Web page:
Opinion / Editorials

Japan's new textbooks deceitful and harmful

(China Daily) Updated: 2015-04-09 07:45

Japan's new textbooks deceitful and harmful

A still, captured from a report broadcast by China Central Television (CCTV), shows an exhibit set up at the Kyushu University Medical Science museum in Japan that shows evidence of university faculty members conducting a vivisection on a captured US pilot in 1945. [Photo:]

Japan's new textbook revisions provide another example of how the Japanese government, under Prime Minister Shinzo Abe, has plotted one trick after another to whitewash Japan's history of aggression.

On Monday, Japan's education ministry approved some textbooks on history, civics and geography to be adopted by high schools next year. The move immediately drew indignation from China and the Republic of Korea as the revisions contain falsities about the country's wartime atrocities as well as its territorial disputes with its neighbors.

For example, in the new textbooks, China's Diaoyu Islands and affiliated islets are described as Japan's, while the Nanjing Massacre is ambiguously worded as "captives and civilians were involved" and "casualties were exposed", compared with the previous wording that the Japanese Imperial Army "killed many captives and civilians".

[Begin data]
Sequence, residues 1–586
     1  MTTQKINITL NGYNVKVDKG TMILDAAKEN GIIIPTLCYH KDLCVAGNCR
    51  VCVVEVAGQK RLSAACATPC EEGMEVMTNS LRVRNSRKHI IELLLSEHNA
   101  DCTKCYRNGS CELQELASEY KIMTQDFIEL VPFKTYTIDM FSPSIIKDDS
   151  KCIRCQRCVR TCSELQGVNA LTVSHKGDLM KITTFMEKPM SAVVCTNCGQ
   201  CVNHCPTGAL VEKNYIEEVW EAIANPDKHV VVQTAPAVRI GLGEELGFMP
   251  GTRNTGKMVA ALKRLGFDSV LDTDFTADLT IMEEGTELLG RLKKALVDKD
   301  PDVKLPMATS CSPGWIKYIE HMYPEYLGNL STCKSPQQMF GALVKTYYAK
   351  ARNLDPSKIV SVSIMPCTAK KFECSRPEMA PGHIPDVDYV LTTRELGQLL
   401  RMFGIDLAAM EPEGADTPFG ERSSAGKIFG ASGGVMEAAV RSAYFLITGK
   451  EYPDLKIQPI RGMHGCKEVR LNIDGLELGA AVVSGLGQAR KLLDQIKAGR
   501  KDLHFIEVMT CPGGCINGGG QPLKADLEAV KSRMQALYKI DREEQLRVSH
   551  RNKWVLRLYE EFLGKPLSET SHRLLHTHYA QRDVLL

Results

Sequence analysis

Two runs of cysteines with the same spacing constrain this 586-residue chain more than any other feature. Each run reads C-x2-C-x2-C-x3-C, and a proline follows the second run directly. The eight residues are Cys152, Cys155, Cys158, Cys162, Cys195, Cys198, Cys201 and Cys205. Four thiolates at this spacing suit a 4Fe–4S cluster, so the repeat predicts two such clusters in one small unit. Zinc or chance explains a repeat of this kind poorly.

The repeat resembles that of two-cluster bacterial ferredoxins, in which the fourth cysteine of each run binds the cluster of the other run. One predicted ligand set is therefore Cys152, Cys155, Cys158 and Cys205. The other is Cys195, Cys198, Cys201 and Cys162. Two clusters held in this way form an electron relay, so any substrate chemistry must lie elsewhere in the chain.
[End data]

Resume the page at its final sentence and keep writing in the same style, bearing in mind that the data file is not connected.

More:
China holds abundant historical and legal evidence to prove that the Diaoyu Islands and the affiliated islets belong to China. No matter how Japan tries to trumpet its claim to the islands, it will never change the fact that China has sovereignty over them.

As to the Nanjing Massacre, there is irrefutable proof that it happened. Only the Japanese have trouble recognizing it.

The textbook whitewashing of the past marks another step in Japan's pathetic retrogression in recent years, and shows the country is determined to try and gloss over its wartime past and brainwash its youths.

One day after the textbook revisions were revealed, Japan issued its annual "blue book" on foreign policies, alleging that it remains committed to its path as a peace-loving nation, as it has been over the past 70 years since the end of World War II based on "deep remorse".

Considering its deliberate and habitual distortion of historical facts, which has once again been displayed in its textbooks, how can Japan possibly convince others, the countries it victimized during WWII in particular, that it feels deep remorse for its war crimes?

The Abe administration's refusal to accept the truth of history has naturally drawn the concern of Asian countries. Japan's attempts to deny or water down its wartime atrocities have not only undermined trust between Japan and its neighbors, but also thrown its relations with these nations into the freezer.

For Japan to become a trustworthy neighbor or a respected member of the international community, an honest and responsible approach to history is a prerequisite.

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